"They indeed do not want this and they announced they will close their borders if this takes place," Finland's Erkki Tuomioja said after meeting Walid Al-Moualem, Syria's foreign minister, in Helsinki on Wednesday.

 

Israel has asked the UN to station peacekeeping troops at Lebanon's border-crossings with Syria so that Hezbollah cannot break the ceasefire by importing weapons.

 

Syria is the only country which has an open border with Lebanon. Lebanon also borders Israel but the two countries do not have diplomatic or trading relations as Beirut does not recognize the existence of Israel.

 

The UN is trying to put together a force of 15,000 to monitor a truce in southern Lebanon after a month-long war between Israel and Hezbollah, the Shia Muslim militia. Finland holds the European Union's revolving presidency.

 

Bashar Al-Assad, the Syrian president, had said on Tuesday that the deployment of international forces on the Lebanese-Syrian border would constitute a "hostile position".

 

Lebanon responds

 

Fuad Siniora, Lebanon's prime minister, has responded to Syria's threats by saying that Lebanon was capable of taking care of itself.

 

"I have heard the remarks of the Syrian president and I respect his opinion but Lebanon acts with all means at her disposition to preserve her sovereignty, her independence and her interests," Siniora said on Wednesday.

 

Relations between Lebanon and Syria must be based on "mutual respect" because "we have no interest in being in disagreement with Syria while Syria has no interest in being in disagreement with us", he said.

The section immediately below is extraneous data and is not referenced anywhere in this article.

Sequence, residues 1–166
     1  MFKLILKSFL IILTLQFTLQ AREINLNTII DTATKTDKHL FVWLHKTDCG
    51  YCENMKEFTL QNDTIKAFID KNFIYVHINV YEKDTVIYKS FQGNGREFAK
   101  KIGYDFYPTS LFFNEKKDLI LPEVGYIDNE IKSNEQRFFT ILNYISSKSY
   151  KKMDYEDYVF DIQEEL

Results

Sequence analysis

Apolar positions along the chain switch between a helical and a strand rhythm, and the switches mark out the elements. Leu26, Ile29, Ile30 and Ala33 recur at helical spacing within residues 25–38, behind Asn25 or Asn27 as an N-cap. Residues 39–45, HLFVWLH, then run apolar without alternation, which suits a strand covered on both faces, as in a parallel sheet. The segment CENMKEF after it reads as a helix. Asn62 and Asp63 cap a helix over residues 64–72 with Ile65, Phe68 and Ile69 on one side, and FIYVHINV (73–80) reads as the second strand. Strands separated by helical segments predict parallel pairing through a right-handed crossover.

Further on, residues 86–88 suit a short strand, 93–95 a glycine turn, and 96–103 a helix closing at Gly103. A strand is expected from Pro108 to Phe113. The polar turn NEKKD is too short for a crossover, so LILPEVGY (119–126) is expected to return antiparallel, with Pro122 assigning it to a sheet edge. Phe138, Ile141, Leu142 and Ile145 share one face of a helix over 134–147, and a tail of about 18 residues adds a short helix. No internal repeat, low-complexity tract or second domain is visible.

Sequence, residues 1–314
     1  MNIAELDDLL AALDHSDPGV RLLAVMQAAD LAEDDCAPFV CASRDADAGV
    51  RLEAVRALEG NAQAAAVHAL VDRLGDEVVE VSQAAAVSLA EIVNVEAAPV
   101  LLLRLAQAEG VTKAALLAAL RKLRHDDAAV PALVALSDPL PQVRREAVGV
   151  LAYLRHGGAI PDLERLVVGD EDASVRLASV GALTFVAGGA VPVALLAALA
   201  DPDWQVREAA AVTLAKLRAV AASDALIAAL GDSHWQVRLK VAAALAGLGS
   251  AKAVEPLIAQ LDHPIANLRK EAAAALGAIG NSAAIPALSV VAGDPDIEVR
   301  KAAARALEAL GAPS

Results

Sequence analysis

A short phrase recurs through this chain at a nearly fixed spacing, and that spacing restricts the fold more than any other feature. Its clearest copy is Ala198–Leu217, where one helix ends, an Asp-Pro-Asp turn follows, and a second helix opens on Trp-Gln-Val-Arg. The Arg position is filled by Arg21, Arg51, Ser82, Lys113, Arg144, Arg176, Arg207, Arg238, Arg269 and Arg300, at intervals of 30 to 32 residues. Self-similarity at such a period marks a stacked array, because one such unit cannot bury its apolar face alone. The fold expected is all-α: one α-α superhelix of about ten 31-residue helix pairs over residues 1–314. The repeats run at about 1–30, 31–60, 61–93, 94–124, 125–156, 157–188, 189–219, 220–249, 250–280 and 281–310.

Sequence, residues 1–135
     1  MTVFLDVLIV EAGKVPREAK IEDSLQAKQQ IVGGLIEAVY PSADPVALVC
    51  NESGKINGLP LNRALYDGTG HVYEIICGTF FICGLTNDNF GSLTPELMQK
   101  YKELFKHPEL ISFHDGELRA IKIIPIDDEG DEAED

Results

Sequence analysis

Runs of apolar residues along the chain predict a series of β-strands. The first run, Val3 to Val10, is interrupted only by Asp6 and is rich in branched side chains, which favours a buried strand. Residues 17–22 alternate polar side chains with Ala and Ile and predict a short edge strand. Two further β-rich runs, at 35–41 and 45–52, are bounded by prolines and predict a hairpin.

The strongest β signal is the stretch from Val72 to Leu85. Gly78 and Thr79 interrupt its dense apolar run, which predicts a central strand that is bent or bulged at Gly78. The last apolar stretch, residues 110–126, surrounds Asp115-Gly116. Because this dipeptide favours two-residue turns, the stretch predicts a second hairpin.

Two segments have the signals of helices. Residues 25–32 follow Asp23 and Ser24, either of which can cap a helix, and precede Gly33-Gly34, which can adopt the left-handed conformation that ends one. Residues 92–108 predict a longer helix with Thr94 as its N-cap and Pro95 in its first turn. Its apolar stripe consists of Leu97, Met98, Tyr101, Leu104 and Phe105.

Thousands of Syrian soldiers were based in Lebanon until 2005. They left after over a million Lebanese rallied in central Beirut to call for their departure.

 

Many Lebanese believe that Syria has used Hezbollah - which it helps fund and arm - to fight a proxy war against Israel in the hope of pressuring Israel into returning to Golan Heights which it captured from Syria in 1967.

 

If Syria closes its border, Lebanon would find it even more difficult to recover from the recent conflict.

 

Not only would trade would be harmed but the small country would also have to import its food, building materials and other goods exclusively by air or sea.

 

UN troop plea

 

The UN has continued trying to persuade countries to contribute peacekeeping troops to enforce and monitor the ceasefire between Israel and Hezbollah southern Lebanon.

 

EU ambassadors and military experts met for more than four hours in Brussels on Wednesday to prepare for a meeting on Friday of ministers and Kofi Annan, UN secretary-general, who wants Europeans to play the lead role in the force.

 

So far only Italy has agreed to contribute substantial numbers of soldiers - up to 3,000 ground troops.

 

France, which initially wanted to lead the UN mission, has only offered 200 non-combat troops to support the UN Interim Force in Lebanon (Unifil).

 

However, after meeting with Tzipi Livni, the Israeli foreign minister, in Paris, Dominique de Villepin, the French prime minister, said France might send more soldiers in Lebanon if the UN gives its soldiers a wider mandate to defend themselves.

 

"Today we're the country that's the most committed and present on the ground. We want to go further once conditions are fulfilled," Villepin said.

 

"It is extremely important for France - with our strong experience in Lebanon, with international experience in other arenas - that all guarantees can be supplied for an effective deployment of Unifil on the ground," he said.

 

The UN has hoped to have 3,500 extra troops on the ground by the end of August.